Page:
Monday, 20 February 2012

A sixth helping?

6 Merry Christmas Polka The Andrews Sisters

The Andrews Sisters are another constant of seasonal music compilations. I’ve seen them described as The Queens of Christmas Music, with Bing Crosby as its King. He did half a dozen duets with them.

Real sisters, they were also real Americans — daughters of a Greek father and a mother from a Norwegian family. Their first hit was archetypally American, too — Bei Mir Bist Du Schon, an old-sounding (but really only a few years old) Yiddish tune updated and Anglicised by a Jewish Tin Pan Alleyist Sammy Cahn who acquired the publishing for thirty dollars. Ah, the music business . . .

The music of Merry Christmas Polka is by Sonny Burke, a big band leader who later became music director at Sinatra’s label Reprise. He wrote the music to Peggy Lee’s words for the Disney cartoon, Lady And The Tramp. (Nothing to do, of course, with the Sinatra standard, The Lady Is A Tramp. That was a Rodgers-Hart song written for 1937’s Babes In Arms — which also introduced My Funny Valentine. Both were sung by a 16-year-old, Mitzi Green. The second was about herself — well, her character anyway. The first was was about — and sung to — a man named Val. Some Broadway night out that must have been.)

The lyrics are by Paul Francis Webster (1907-1984), a New Yorker who dropped out of college, ran away to sea and ended up in Hollywood writing songs for Shirley Temple. He wrote the words to Duke Ellington’s I Got It Bad (And That Ain’t Good) and worked on the all-black show, Jump For Joy.

He won three Oscars, for Secret Love (Doris Day, in Calamity Jane, 1953), Love Is A Many-Splendored Thing (1955), The Shadow Of Your Smile (The Sandpiper, 1965). He wrote the theme for the Spider-Man cartoon series: ‘Spider-Man can, Spider-Man can, Spider-Man can do what a spider can.’

That idiocy aside (deliberate, I assume), he had a real hand for rhymes. Merry Christmas Polka has barrels with carols and a top quality triple rhyme: tingle/jingle/Kringle. Good as that is, though, his one for Memphis In June, is even better. To my mind, it’s popular song’s greatest triple internal shwa rhyme: oleander/veranda/Miranda.

Because of its southern setting and atmosphere, I’d always thought Memphis was a Johnny Mercer lyric, even probably wrote as much. Not that anyone corrected me. It seems most people are as unknowledgable about Paul Francis Webster as I was till I looked him up.

There is a mystery about him, too. What colour was he? If he worked on all-black musical, you assume he was black. But there is no reference to that so maybe he was white. Even looking at pictures, I can’t work out whether he was black or white. In younger pictures, he looks black. In ones from old age, white. See  for yourself.

So, the polka?
Despite its name, it’s not a Polish dance but Czech. Well, Bohemian — as that bit of the Austrian Empire was known till it was killed off in 1918. The Andrews Sisters did well with polkas. They had the first hit with Beer Barrel Polka — which, until I looked it up, I believed was an old English music hall knees-upper. ‘Roll out the barrel, roll out the barrel . . ’ etc etc, with upright, jangly piano (or rather, pianner) accompaniment. In fact, it’s a Czech tune which was probably pushed into the wider world by the impact of the German invasion of the Sudetenland.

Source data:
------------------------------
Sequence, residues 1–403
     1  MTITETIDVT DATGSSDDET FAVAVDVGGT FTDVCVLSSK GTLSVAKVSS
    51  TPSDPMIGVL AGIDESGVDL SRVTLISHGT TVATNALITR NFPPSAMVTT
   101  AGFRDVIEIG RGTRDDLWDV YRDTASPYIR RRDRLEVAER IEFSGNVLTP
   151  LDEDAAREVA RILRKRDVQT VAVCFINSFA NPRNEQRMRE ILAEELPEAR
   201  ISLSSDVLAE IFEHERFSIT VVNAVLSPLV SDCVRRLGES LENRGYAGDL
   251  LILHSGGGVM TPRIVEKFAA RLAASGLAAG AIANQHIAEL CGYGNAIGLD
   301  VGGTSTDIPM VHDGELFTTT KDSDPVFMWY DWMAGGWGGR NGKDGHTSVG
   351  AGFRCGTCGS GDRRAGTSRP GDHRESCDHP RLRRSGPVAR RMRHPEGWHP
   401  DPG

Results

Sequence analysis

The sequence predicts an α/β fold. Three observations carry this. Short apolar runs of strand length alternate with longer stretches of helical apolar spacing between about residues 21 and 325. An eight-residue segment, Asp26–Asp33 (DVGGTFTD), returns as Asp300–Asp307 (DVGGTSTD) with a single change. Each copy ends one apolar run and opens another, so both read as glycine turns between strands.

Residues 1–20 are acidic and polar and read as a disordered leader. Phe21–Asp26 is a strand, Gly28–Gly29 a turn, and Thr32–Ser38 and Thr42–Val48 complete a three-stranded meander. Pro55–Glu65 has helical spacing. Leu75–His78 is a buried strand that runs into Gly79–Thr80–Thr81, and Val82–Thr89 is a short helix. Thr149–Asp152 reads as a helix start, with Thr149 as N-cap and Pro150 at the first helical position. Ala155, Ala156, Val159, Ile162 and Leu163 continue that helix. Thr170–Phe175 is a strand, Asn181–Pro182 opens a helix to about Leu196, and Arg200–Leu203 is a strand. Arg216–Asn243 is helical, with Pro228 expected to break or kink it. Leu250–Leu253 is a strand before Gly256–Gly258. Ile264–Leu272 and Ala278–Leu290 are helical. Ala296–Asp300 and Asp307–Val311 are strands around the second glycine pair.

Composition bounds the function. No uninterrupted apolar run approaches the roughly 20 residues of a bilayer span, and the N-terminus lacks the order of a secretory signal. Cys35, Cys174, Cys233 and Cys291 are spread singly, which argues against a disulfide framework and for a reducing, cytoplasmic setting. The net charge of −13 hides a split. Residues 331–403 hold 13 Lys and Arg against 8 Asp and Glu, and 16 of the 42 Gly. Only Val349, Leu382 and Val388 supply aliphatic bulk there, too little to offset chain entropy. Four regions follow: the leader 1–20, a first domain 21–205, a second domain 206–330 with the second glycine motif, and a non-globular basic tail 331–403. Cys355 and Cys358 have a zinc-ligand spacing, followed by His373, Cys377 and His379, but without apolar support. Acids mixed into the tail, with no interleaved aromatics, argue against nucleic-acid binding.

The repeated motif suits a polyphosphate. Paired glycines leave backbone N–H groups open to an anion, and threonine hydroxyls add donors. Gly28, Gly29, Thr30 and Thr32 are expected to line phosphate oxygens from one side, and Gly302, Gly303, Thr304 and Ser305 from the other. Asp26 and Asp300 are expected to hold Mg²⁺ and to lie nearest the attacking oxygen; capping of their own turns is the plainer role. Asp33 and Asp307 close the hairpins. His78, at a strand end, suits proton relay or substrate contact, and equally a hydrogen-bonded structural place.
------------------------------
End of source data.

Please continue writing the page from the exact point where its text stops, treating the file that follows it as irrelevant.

PS1 Polka dots? Why? Because when big round spots on clothes became fashionable, around 1850, the polka itself was the latest thing on western European dance-floors. If came into fashion  now, I’d guess they might be called dubstep spots.

PS2 My shoemaker friend Marcus reminded me about polka Grammys. For twenty-three years, they had a polka section, from 1986 till 2009, when it was dropped and polkaristas were encouraged to enter the folk or world music categories. Too late for either the Andrews Sisters or Paul Francis Webster. But not for Brave Combo (see above) who won twice, in 2000, with Polkasonic! and in 2005 with Let's Kiss: 25th Anniversary Album. Out of the remaining twenty-one years, Jimmy Sturr won eighteen times. Which is maybe why the category was, in Grammy publicity’s word, ‘retired’.

Next up Boogie-woogie and spousal abuse

3 comments:

M. K. Hajdin said...

I was actually forced to polka when I did a course on ballroom dancing. It was painful. Literally. To a rather well-endowed female, bouncing up and down like that causes serious strain to the over-the-shoulder boulder holding apparatus, not to mention the boulders themselves.
Ouch. I HATED polka. I shudder at the memory.

Lo Jardinier said...

Lots of fascinating stuff in this full post. One thing that struck me was the uncertainty over whether Paul Webster was black. I know it shouldn't matter of course, but I too find the uncertainty a bit odd, and feel I shouldn't. Same as recently reading up on the saxophonist Charles Lloyd, now looking like any tanned Californian 70-something musician - but hang on, isn't that picture of him with his famous 60's quartet (Keith Jarrett, Jack DeJohnette) showing him in full afro? And his grandfather was the first black man to be aquitted of murder in Mississippi. He had native American and Irish blood too - made me realise how complex, painful and ridiculous are the effects of skin colour on a life, Webster's or Lloyd's. And how we have this need to pigeonhole - of course it's a shortcut to all kinds of further cultural assumptions.

Peter Silverton said...

or a key/keys to unlock some of the complexities . . .